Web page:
Optimal camouflage can, in principle, be relatively easily achieved in simple, homogeneous, environments where backgrounds always have the same color, brightness, and patterning. Natural environments are, however, rarely homogenous and species often find themselves viewed against varied backgrounds where the task of concealment is more challenging. One result of variable backgrounds is the evolution of intraspecific phenotypic variation which may either be generalized, with multiple similarly cryptic patterns, or specialized, with each discrete color form maximizing concealment against a single component of the background. We investigated the role of phenotypic variation in a highly variable population of the Neotropical toad Rhinella margaritifera using visual modeling and a computer-based detection task. We found that phenotypic variation was not divided into discrete color morphs and all toads were well camouflaged against the forest floor. However, although the whole population may appear to consist of random samples from the background, the toads were a particularly close match to the leaf litter, suggesting that they masquerade as dead leaves, which are themselves variable. Furthermore, rather than each color form being equally effective against a single background, each toad was specialized towards its own particular local surroundings, as suggested by a specialist strategy. Taken together, these data highlight the importance of background matching to a nominally masquerading species, as well as how habitat heterogeneity at multiple spatial scales may affect the evolution of camouflage and phenotypic variation.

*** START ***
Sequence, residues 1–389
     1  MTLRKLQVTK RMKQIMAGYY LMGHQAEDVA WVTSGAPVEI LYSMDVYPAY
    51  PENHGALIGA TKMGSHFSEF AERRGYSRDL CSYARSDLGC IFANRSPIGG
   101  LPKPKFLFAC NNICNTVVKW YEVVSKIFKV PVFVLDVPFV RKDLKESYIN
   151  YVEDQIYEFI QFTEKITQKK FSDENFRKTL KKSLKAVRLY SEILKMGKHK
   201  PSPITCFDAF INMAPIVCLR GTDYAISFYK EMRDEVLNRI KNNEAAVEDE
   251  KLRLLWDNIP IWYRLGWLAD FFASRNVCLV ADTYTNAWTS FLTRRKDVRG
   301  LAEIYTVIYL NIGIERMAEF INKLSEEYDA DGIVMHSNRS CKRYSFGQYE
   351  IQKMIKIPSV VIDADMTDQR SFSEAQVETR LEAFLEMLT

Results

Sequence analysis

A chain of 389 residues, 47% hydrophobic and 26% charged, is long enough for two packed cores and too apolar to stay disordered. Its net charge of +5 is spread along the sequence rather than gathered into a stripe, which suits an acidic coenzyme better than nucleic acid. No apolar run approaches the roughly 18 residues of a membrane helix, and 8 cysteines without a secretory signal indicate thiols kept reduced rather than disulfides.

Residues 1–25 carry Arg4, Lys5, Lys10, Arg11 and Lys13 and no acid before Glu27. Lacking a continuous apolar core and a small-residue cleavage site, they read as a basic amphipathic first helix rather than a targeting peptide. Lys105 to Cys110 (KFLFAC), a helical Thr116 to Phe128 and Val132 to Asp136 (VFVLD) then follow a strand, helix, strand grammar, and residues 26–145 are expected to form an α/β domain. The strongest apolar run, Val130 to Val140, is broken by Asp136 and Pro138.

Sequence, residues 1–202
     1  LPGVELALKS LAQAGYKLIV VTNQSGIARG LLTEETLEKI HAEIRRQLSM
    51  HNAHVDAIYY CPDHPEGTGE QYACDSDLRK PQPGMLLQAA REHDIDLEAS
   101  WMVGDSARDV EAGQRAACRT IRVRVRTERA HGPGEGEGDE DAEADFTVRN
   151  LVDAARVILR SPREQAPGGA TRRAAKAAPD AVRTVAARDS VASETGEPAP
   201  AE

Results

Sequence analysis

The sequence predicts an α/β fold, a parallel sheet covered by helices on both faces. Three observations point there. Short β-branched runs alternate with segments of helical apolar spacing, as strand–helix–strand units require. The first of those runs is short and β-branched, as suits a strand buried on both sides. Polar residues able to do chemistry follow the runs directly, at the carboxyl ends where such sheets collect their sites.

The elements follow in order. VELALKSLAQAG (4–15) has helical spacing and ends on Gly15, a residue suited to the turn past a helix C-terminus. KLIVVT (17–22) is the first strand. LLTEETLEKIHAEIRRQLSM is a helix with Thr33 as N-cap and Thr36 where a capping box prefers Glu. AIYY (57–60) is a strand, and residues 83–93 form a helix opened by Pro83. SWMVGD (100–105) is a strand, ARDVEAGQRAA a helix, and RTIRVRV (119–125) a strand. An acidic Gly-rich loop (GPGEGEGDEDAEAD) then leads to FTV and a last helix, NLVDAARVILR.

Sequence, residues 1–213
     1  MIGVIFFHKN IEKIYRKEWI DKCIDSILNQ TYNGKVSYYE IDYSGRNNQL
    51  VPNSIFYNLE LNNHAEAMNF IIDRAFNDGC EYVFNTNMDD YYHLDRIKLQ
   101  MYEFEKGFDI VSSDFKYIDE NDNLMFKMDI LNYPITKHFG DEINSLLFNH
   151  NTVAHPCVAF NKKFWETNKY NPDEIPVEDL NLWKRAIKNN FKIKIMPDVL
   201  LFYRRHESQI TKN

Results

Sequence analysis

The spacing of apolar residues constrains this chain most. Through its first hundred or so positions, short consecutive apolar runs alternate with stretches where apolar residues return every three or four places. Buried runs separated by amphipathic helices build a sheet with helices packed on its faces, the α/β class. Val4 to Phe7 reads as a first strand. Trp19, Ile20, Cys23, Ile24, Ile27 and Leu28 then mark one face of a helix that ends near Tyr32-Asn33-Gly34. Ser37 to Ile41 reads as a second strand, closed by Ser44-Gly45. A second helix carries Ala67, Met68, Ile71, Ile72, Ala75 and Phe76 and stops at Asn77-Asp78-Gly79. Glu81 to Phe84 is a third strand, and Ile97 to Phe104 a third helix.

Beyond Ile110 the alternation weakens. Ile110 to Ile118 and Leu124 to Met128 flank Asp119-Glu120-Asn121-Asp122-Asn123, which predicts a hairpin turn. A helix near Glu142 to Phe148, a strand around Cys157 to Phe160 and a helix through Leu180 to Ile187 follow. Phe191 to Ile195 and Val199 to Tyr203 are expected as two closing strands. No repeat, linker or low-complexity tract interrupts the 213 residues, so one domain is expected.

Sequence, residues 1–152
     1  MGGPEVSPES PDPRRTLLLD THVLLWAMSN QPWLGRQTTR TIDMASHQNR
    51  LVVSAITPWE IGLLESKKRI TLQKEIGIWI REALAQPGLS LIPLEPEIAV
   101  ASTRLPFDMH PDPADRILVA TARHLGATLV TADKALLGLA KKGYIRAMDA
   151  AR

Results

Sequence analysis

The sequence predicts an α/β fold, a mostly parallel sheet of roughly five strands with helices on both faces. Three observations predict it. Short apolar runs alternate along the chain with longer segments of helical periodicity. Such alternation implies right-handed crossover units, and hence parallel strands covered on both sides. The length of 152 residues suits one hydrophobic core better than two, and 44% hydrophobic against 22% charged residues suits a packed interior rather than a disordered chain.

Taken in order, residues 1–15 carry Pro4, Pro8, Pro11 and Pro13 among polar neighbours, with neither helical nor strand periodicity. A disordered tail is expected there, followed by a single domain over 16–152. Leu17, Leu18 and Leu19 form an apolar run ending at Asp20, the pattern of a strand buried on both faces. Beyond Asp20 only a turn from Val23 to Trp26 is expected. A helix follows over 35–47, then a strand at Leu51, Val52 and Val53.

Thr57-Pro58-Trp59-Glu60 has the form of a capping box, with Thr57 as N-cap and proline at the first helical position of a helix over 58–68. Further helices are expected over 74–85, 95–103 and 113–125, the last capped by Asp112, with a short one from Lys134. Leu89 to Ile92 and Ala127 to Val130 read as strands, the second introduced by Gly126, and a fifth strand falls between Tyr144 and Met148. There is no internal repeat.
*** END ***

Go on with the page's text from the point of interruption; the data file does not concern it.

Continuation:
|Date made available||14 Sep 2021|